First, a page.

Google’s Federated Learning of Cohorts – or FLoC – is a transition the company is making to move away from third-party cookies in its browser and towards an approach that groups individuals together based on different interest groups for advertising as opposed to targeting them specifically. Upon being introduced, it was immediately faced with backlash on several fronts. Now, the company is doing a double-take and will slow its roll (out) by splitting the implementation of FLoC into two phases.
This week, Google released an updated timeline for the initiative which can be found at privacysandbox.com/timeline. This new website will remain up to date each month as discussions around what the future of FLoC will look like. After meeting with several major advertising partners, like RTB House, it was decided that it would be adopted and begin implementation – stage 1 – by Q3 of next year, 2022, with ongoing discussion through the end of the year, and a stage 2 transition period running all the way through Q3 of 2023.
What does this all mean, exactly? It means that Google has faced plenty of opposition by even introducing FLoC as many believe it puts the company in a dominant advertising position and strips publishers of their power to compete, and has decided that it will only succeed moving forward with care. As RTB House’s Director of Global Inventory, Lukasz Wlodarczyk stated on Monday, and I think he hit the nail on the head:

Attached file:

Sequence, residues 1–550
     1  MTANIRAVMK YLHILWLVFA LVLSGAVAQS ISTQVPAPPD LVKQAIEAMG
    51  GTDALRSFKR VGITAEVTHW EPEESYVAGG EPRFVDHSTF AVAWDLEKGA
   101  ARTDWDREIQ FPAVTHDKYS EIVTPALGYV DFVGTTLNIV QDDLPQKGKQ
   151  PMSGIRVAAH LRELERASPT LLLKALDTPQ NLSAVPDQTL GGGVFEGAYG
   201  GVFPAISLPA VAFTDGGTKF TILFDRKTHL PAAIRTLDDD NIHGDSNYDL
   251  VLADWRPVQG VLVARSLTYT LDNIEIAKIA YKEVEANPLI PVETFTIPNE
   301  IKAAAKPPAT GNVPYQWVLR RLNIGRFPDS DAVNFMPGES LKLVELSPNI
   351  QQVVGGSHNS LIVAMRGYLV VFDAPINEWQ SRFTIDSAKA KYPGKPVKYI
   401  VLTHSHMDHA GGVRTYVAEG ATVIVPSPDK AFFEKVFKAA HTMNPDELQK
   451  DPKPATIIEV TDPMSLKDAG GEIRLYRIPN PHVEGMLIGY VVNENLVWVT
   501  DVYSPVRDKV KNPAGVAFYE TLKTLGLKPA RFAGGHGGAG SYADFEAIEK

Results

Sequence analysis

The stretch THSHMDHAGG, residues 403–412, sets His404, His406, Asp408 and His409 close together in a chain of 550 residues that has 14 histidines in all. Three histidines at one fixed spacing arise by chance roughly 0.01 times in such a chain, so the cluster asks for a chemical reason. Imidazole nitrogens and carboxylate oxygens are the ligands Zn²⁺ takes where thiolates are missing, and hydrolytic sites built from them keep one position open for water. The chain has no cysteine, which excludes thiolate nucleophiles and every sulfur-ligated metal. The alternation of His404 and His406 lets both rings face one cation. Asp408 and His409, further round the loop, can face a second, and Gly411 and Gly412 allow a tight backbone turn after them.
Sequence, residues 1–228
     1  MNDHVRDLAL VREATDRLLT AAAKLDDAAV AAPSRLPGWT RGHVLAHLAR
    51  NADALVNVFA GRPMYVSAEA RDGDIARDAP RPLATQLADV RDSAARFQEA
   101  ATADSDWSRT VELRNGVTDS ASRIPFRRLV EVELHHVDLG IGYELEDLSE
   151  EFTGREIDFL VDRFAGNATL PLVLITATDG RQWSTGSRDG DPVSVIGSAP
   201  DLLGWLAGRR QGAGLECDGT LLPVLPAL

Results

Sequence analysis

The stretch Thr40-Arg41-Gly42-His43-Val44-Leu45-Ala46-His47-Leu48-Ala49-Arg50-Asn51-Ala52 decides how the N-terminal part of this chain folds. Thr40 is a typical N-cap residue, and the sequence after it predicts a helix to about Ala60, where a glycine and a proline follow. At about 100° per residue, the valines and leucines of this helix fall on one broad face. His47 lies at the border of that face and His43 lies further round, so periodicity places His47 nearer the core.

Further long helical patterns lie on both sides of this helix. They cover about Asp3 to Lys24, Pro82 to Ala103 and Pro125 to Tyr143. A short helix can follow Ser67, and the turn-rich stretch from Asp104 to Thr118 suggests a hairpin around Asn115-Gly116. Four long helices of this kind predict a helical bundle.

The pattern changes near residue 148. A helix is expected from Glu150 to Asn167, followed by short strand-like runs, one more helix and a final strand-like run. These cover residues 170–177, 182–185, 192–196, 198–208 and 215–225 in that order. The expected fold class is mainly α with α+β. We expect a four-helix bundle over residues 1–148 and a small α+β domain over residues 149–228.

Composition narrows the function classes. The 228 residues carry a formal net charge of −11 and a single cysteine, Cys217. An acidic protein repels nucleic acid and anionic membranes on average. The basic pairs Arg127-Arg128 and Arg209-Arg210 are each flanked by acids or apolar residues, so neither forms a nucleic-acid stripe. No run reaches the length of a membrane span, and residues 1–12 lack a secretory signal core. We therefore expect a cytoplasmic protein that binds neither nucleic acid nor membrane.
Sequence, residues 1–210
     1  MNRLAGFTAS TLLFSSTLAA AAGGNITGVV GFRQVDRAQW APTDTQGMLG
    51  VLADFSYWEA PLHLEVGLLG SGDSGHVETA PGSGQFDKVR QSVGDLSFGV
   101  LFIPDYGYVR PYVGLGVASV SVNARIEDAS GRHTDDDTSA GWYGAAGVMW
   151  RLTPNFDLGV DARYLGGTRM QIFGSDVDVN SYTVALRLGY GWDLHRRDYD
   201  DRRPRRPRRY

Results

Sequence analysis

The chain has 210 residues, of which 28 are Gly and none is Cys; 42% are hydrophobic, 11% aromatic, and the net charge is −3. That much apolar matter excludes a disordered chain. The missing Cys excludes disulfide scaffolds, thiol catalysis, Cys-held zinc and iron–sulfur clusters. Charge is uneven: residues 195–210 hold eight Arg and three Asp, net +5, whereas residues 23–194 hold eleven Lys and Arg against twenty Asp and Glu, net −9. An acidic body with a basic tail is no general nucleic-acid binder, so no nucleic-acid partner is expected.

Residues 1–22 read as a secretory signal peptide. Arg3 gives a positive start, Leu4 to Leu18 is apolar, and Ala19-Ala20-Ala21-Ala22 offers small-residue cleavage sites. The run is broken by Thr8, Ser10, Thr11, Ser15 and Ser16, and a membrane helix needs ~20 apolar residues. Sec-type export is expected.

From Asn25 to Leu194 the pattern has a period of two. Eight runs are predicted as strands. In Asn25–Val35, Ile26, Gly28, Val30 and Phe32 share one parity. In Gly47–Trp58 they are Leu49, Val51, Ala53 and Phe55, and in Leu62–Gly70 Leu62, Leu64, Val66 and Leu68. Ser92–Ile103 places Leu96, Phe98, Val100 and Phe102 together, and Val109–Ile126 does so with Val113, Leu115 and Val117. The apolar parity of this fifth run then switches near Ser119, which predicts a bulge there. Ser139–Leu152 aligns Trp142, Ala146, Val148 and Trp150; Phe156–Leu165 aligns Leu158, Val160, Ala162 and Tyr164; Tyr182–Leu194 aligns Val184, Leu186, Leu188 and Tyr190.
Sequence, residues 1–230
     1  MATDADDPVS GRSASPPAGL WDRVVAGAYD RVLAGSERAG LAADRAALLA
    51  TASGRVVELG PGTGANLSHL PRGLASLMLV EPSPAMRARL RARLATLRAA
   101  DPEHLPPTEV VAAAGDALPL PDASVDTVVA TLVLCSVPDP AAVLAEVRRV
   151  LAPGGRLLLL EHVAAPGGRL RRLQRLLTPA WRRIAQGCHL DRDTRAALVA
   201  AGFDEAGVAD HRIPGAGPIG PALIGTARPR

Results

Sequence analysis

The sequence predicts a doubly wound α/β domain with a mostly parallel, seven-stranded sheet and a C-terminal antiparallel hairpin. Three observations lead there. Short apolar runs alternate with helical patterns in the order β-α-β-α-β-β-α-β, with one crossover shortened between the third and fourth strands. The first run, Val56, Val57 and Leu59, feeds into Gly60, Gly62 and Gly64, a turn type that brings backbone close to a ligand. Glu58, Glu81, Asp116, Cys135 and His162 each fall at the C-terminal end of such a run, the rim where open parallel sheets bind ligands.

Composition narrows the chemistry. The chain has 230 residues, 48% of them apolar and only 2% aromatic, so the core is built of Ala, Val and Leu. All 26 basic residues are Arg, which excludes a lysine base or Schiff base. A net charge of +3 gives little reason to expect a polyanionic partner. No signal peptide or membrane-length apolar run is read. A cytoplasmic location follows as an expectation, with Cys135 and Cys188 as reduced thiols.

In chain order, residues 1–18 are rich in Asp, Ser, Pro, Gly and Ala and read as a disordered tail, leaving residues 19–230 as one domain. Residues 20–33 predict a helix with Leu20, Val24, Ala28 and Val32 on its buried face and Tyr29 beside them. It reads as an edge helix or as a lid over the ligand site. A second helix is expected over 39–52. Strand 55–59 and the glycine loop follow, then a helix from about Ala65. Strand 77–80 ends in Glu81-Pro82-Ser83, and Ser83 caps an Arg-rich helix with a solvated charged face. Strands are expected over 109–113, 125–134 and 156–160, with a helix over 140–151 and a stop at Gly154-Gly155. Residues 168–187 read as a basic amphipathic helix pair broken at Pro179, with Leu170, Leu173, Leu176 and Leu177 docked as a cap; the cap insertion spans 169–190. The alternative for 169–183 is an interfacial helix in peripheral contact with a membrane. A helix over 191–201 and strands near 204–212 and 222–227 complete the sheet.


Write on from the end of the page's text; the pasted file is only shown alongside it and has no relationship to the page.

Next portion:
We expect that in the near future Google Chrome will be presenting a new, more privacy-preserving iteration of FLoC. This new version is expected to address both private and public feedback Google received from multiple sources, such as an extensive Privacy analysis of FLoC from Mozilla.Lukasz Wlodarczyk – Director of Global Inventory, RTB House
For users, this all means that by late 2023, Google will have completely phased out third-party cookies in Chrome, and individual-based ad targeting will be a thing of the past. While this has its benefits for you and me, it’s also potentially a detriment to those trying to make a living with an online business, so there is some balance that needs to be had as the internet and its culture progress over the next few years.